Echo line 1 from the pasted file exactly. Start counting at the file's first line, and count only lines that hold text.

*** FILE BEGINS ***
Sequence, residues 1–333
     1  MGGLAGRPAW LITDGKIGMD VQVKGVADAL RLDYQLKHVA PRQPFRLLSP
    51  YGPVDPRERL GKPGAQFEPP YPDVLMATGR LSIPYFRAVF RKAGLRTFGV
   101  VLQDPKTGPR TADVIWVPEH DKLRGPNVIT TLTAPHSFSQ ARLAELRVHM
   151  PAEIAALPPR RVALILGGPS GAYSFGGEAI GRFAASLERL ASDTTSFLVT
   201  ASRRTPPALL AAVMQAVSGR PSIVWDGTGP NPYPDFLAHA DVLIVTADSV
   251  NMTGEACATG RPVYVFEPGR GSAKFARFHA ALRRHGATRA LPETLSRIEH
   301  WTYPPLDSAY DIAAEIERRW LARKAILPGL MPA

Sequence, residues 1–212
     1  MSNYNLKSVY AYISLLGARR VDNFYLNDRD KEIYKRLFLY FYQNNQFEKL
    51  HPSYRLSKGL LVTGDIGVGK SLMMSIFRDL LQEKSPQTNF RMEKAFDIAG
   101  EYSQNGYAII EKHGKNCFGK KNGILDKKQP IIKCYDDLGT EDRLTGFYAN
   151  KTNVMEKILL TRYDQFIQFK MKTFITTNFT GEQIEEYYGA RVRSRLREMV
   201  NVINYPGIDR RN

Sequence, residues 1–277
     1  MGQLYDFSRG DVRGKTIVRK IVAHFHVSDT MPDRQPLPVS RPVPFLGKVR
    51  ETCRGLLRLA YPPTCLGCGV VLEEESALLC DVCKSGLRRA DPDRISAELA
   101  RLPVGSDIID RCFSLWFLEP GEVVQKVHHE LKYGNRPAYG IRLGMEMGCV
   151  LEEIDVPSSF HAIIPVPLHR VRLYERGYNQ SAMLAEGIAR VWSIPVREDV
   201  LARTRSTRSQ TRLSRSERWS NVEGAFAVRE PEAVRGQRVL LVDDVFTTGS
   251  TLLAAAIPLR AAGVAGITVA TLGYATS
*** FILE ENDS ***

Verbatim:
Sequence, residues 1–333